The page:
Incline Lake acquisition won’t meet deadline |

Incline Lake acquisition won’t meet deadline

Andrew Pridgen

INCLINEVILLAGE – Confirmation from Sen. John Ensign’s office came down last week that the Incline Lake parcel will not, in fact be ready for public acquisition on the once certain Aug. 11 close date.

Local agencies including the U.S. Forest Service, Incline Village General Improvement District and Washoe County have been working with one another since last August to, per Ensign’s request, “fast-track” putting the 777-acre parcel overlooking Incline Village into the hands of the public.

Officials from Ensign’s office said the “important thing for (Incline residents) to remember” is that the Aug. 10 deadline was “never set in stone” and the deal is “still moving along.”

“The first thing is an acquisition (of this size) can hang out for two or three years,” said deputy chief of staff John Lopez. “(Ensign) wanted to challenge people involved – if we didn’t hit the Aug. 10 deadline it’s not (bad).”

Lopez mirrored comments earlier in the week from local agency officials that the appraisal process for the property is underway.

“The appraiser is a competent guy,” Lopez said. “He’s worked on (large-scale) acquisitions in the basin before… we have all the information from the owners of (Incline Lake), but is a process that doesn’t happen overnight.”

Another tangible show of progress noted by Ensign’s office this week was that agency officials met Tuesday on the Incline Lake property with officials from Terra Firma, the Minden-based land consultant acting in a broker role on behalf of the 19 shareholders of Incline Lake.

Lopez said Ensign’s office does not expect any surprises from Terra Firma, through the sometimes tenuous appraisal phase.

“Terra Firma is feeling very positive,” Lopez said. “All of us want a very fair appraisal – we want a number that characterizes the (property). We want (taxpayers) to get their money’s worth.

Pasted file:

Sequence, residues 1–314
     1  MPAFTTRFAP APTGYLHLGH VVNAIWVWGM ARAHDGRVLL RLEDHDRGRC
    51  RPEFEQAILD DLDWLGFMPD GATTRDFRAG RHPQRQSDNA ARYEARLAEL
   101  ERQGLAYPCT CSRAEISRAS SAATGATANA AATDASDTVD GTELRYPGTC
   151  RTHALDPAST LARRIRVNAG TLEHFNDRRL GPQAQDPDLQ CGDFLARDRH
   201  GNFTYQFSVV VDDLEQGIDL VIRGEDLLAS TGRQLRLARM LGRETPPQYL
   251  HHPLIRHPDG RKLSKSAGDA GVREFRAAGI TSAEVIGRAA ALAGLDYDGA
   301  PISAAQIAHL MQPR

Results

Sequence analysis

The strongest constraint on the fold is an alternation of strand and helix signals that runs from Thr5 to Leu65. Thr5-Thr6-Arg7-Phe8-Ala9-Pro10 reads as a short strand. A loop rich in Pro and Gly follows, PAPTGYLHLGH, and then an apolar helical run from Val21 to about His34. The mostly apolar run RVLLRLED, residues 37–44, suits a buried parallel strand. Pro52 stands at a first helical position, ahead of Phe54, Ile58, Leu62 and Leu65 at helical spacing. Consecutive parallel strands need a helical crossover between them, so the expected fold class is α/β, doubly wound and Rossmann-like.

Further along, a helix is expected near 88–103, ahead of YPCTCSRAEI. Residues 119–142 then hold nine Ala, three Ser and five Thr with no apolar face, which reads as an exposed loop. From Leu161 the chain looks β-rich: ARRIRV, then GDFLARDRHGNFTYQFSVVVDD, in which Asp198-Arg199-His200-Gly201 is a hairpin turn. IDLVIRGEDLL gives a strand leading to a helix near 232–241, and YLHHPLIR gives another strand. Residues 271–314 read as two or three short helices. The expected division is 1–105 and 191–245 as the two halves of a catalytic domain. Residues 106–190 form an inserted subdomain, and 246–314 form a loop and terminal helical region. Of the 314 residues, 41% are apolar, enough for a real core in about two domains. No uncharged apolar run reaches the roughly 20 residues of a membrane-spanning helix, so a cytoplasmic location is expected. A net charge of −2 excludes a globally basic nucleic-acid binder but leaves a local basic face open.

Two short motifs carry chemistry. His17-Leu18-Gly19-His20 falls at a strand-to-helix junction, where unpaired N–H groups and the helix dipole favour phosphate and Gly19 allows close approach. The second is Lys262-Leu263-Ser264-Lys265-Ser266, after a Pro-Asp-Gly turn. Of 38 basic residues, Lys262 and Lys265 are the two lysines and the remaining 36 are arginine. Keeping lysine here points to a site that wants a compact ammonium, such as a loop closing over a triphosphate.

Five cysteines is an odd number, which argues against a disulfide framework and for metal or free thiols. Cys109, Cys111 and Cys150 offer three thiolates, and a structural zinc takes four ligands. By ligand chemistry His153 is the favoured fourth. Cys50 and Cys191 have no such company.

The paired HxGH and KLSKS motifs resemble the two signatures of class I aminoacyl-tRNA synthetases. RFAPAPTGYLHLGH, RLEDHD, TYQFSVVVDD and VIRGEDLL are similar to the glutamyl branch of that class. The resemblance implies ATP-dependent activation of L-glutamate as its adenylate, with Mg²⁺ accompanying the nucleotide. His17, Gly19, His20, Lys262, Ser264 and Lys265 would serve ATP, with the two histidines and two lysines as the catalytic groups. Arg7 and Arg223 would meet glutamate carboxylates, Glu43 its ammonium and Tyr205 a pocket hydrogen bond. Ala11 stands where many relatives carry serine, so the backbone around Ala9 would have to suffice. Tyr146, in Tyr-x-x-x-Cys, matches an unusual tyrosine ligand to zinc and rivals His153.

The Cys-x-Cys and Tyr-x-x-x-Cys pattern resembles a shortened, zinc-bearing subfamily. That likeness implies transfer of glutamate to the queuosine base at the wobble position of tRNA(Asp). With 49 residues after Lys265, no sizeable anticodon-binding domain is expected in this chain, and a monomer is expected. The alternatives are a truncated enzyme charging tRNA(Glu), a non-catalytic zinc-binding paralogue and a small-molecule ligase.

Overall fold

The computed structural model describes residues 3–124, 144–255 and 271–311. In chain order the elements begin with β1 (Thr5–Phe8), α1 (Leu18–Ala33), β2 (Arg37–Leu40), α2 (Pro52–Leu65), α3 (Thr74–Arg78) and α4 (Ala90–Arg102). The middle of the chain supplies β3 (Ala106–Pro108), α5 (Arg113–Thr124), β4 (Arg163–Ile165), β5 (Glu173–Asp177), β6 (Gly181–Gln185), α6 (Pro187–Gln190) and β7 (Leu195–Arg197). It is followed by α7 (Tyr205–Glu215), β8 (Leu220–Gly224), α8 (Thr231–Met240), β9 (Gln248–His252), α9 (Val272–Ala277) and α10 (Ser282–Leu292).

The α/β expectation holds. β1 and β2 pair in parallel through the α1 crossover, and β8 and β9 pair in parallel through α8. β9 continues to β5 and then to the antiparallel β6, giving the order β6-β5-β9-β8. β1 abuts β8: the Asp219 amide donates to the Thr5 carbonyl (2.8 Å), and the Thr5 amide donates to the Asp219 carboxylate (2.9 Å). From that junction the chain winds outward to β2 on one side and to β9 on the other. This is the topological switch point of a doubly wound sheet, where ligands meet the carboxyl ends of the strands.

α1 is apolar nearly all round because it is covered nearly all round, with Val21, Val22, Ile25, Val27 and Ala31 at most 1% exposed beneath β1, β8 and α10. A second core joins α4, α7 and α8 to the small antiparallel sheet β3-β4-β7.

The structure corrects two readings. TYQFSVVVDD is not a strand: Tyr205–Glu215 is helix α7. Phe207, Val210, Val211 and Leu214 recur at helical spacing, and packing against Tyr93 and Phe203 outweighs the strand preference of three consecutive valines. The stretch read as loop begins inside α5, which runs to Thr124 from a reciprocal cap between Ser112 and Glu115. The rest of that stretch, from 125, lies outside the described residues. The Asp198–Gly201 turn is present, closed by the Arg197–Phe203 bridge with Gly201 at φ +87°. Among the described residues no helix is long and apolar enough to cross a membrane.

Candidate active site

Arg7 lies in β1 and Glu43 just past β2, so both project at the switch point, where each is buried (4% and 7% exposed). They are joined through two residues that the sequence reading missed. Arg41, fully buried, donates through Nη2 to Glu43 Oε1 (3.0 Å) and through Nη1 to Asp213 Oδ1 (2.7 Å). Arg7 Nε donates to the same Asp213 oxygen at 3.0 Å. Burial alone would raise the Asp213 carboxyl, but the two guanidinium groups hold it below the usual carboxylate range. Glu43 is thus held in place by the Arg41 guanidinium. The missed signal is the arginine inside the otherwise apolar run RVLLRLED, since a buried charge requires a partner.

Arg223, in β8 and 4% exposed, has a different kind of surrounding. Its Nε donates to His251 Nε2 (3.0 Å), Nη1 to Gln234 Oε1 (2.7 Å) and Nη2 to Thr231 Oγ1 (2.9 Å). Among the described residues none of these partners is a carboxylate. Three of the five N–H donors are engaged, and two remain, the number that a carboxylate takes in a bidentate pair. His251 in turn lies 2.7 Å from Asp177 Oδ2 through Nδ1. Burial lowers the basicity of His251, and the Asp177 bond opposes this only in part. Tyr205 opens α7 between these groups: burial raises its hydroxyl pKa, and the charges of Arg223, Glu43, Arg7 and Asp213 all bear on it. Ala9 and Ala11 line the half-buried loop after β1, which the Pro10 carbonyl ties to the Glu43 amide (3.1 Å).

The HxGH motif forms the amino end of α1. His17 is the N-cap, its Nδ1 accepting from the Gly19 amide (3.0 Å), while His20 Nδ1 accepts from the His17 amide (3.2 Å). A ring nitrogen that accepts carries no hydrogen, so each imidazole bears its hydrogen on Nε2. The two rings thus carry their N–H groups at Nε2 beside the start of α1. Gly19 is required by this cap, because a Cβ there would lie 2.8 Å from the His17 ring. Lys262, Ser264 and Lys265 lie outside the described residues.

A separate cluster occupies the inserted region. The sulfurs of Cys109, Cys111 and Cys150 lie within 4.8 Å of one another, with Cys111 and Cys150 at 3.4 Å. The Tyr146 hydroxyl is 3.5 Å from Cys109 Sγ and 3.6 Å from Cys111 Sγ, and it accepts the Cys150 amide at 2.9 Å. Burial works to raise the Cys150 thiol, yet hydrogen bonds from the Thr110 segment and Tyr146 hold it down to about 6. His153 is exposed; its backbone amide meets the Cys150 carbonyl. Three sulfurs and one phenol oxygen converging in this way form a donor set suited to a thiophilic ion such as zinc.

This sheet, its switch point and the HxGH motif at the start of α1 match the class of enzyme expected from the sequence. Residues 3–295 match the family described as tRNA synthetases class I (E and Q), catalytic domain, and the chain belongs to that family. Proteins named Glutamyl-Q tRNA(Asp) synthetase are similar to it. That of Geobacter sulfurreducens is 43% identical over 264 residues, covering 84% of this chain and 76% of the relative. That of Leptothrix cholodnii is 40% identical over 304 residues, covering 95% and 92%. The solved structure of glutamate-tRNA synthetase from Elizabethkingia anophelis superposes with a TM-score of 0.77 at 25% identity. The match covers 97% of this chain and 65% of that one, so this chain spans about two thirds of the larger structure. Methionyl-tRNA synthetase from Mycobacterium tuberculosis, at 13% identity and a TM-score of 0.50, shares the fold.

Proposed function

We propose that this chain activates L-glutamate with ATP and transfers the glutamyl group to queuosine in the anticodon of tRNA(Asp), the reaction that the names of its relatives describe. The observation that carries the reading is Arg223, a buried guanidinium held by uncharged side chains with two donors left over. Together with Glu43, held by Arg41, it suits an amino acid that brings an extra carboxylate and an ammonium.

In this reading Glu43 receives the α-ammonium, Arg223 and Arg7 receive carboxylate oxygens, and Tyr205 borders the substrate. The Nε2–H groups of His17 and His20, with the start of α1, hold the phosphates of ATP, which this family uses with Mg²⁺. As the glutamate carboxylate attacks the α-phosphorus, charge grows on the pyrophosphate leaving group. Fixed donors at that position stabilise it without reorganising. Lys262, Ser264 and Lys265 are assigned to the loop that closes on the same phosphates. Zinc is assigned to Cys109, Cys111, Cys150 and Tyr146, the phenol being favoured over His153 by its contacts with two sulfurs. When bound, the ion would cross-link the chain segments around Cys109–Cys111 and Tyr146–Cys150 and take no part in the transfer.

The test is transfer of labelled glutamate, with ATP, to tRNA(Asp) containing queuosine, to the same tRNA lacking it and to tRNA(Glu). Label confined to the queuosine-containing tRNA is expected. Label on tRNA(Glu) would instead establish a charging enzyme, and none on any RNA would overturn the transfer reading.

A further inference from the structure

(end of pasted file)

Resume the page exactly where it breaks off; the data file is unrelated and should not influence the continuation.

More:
“Everything is on-track … I can’t think of anything that would suggest that (the deal) won’t get completed by the end of the year.”

U.S. Secretary of the Interior Gale Norton in February announced that Incline Lake would be funded through Southern Nevada Public Lands Management Act Round 6.

While the parcel, with an estimated value of $75 million, was eligible for appraisal in late-February, Ensign officials said a number of “technical issues” needed to be worked out.

“Before you go to appraisal there has to be an agreement from forest service to agree what they’re purchasing,” deputy chief of staff Lopez said. “(We) had to work through a number of technical issues – what’s going to be appraised – that’s why it took a bit longer. But we’re in great shape.”

Once a multi-family retreat, Incline Lake was established by Nevada developer Norman Biltz in the late 1930s, and is now owned by 19 shareholders with Biltz’s grandson, Norm Nash at the helm.

Because the forest service cannot maintain or manage any of the existing buildings on the property (which include a clubhouse and observatory), other partners were asked to participate in the land’s management once acquired.

IVGID, in particular, has tentatively agreed to purchase a 5-acre parcel on the property for $1 million. The parcel could be host to a visitors’ center, a “gateway” to Incline Village, a Nordic ski center and a meeting/conference faculty “among other things,” IVGID officials said.

Ensign office officials said the senator will re-visit the Incline Lake property on Aug. 10 with some “good announcements” of the progress being made.

When queried whether the senator feels a threat that SNPLMA moneys will be taken away prior to the final sale of the land, spokesman Lopez was adamant.

“That is not going to happen,” he said.

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